(“ALT BLiR BRA!” = Everything’s going to be fine!)
The 31st leg of the virtual Camino.
Today our guide gives us insight into the pilgrim experience in the 12th century. The threats from the elements, from other humans – from viruses and other plagues. There is a lot we take for granted. And a lot we mistake as necessities.
Like a morning cup of coffee, talisman against a grumpy mood.
While drinking my coffee, I was listening to a podcast about “ganning“. The Saami version of a hex, or the evil eye, or whatever name the practice falls under anywhere in the world: the scapegoating for misfortune. We’ve a secular version of the practice, too. Someone we’ve bumped into has cursed our day, is responsible for our mood – which caused our stubbed toe or our burned palate. It is always someone else’s fault – someone is out to get us.
I read an associated article on the website. It was written by a sociologist who said something things about the ancient Saami culture need to be abandoned. I’m not one for promoting witch hunts, but I’m thinking there might be something important to be learned from a formal system for the attribution of blame. Such a thing can be mediated. Arbitrated. Maybe even judged. At least with a formal attribution the absurdity of the accusation can be faced squarely, and dealt with.
Instead I go on grumbling about my students, or my step-kids, or the neighbor’s rooster as the cause of all my woes. Maybe the first step to taking responsibility is actually externalizing the problem: why am I using this person (or rooster) to punish myself?
Today I’m appreciating the synchronicity. “My students are driving me crazy,” I think. Like they have the time to bother with that. The energy to spare.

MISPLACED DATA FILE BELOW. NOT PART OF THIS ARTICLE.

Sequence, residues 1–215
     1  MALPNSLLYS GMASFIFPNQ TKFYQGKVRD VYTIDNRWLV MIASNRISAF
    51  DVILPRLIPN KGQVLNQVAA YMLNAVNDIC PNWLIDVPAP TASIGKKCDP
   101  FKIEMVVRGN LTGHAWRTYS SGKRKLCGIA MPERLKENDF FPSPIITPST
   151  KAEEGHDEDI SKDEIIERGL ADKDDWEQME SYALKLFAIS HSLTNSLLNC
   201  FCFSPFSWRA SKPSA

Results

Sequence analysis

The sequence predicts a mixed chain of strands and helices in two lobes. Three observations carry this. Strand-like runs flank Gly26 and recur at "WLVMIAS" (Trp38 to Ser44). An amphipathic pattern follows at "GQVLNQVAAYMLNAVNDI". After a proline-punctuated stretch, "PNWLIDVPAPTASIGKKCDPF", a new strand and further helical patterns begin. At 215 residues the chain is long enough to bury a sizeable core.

On Fridays, after the workday I usually listen to a recorded meditation by Jen Louden. Today she talks about making a truce with your God, or gods or the universe.
I don’t know what I believe in exactly, but I believe in metaphors as tools for dealing with the truly ineffable.
I believe in the power of formal systems to identify what moves us – in productive and destructive directions – in prayer, in hope, in forgiveness and in absolution. I may have fancy collapsible hiking poles, Gore tex shoes and Merino wool underwear, but at least I have those other things in common with the pilgrims of the 12th Century.
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My dad’s long been interested in the work Rene Girard, whose work on scapegoating resonated with Dad because he studies how people work–or fail to work–in groups. Whether is is shunning, shaming, crucifying, or the blame game, scapegoating seems, alas, typical of our species. If we could overcome that urge to make an Other the cause of Evil, we’d be happier. I think.